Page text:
Performance Rating Source Code

The system has two programs: rate calculates the ratings for the teams and standing calculates the conference standings. To get a copy of a file, display it and then use "Save As..." on the "File" menu. The programs are copyrighted, but may be freely used for noncommercial purposes. The input and output files are in the public domain. The source files are:

The programs are being updated regularly. You may want to get a new copy now and then. If you don't already have a C compiler, you'll need to buy one, such as Turbo C. The C compiler converts rate.c, standing.c and school.c to executable programs.

The input files are:

To construct your own names.txt file, enter the teams names, one per line, with a vertical bar (|) after each team name. If a team is referred to by two or more names, those names can be placed on the line with the official name first. The names should be seperated by vertical bars and the last one on the line should be followed by a vertical bar. The official name should not exceed 17 characters in length. The names.txt file can be empty and the program still works--you just must have a names.txt file.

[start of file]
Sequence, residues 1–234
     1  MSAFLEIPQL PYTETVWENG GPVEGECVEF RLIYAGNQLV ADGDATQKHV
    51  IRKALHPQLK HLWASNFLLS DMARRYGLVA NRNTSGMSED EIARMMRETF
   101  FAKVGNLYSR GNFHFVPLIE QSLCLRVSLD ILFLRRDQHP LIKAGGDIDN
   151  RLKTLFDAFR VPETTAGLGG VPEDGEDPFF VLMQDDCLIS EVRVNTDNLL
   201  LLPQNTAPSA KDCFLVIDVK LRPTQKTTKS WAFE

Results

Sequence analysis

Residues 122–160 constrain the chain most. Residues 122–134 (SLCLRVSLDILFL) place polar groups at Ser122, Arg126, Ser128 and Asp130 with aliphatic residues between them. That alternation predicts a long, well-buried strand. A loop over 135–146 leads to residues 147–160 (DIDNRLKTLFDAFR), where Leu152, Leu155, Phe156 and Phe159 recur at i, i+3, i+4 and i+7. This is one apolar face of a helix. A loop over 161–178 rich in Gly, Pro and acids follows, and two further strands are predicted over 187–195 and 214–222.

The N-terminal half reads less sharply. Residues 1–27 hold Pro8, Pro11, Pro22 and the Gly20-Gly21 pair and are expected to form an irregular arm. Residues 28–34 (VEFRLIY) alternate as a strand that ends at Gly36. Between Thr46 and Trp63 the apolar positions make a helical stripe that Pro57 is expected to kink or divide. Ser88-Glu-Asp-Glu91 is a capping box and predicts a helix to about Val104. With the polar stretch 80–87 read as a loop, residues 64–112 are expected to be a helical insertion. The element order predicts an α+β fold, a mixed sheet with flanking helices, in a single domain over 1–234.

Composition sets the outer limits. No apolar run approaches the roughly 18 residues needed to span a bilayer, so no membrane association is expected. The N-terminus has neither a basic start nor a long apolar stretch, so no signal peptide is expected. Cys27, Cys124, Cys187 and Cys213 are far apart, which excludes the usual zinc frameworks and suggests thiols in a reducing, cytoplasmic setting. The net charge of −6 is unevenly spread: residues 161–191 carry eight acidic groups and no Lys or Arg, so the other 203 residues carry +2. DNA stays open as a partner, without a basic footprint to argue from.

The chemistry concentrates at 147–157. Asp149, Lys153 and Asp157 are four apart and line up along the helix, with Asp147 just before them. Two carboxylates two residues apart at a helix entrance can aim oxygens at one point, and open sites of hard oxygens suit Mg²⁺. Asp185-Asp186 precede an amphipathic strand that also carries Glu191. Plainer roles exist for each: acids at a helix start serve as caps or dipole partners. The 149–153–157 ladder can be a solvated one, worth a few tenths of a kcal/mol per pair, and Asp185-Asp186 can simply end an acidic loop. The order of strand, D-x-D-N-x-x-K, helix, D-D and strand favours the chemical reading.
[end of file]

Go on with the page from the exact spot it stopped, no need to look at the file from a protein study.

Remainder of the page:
In games.txt, dates are placed on a separate line in a mm/dd/yy format. The games results are listed one per line in free format. A line starting with ===== separates normal games from post-season games (which count double).

The output files are:

The first four are produced by rate; the last three by standing. In byrating.txt the ratings are rounded; in byname.txt they are given to five decimal places. For a PC, you will need to modify standing.c to write a standingn.htm file rather than a standingn.html file. The school program produces an analysis of a team's rating on the screen.

I have precompiled as a Microsoft Visual C++ Win32 Console project Rate.exe and Standing.exe for use on PCs. The source for this version is Rate.cpp and Standing.cpp.

To solve the equations, I gave up on using matrix inversion because of the inherent difficulty in getting an accurate inversion of a matrix that large. I use an iterative procedure instead.

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David Wilson /
Last update Tuesday, 07-Jan-2014 09:44:56 CST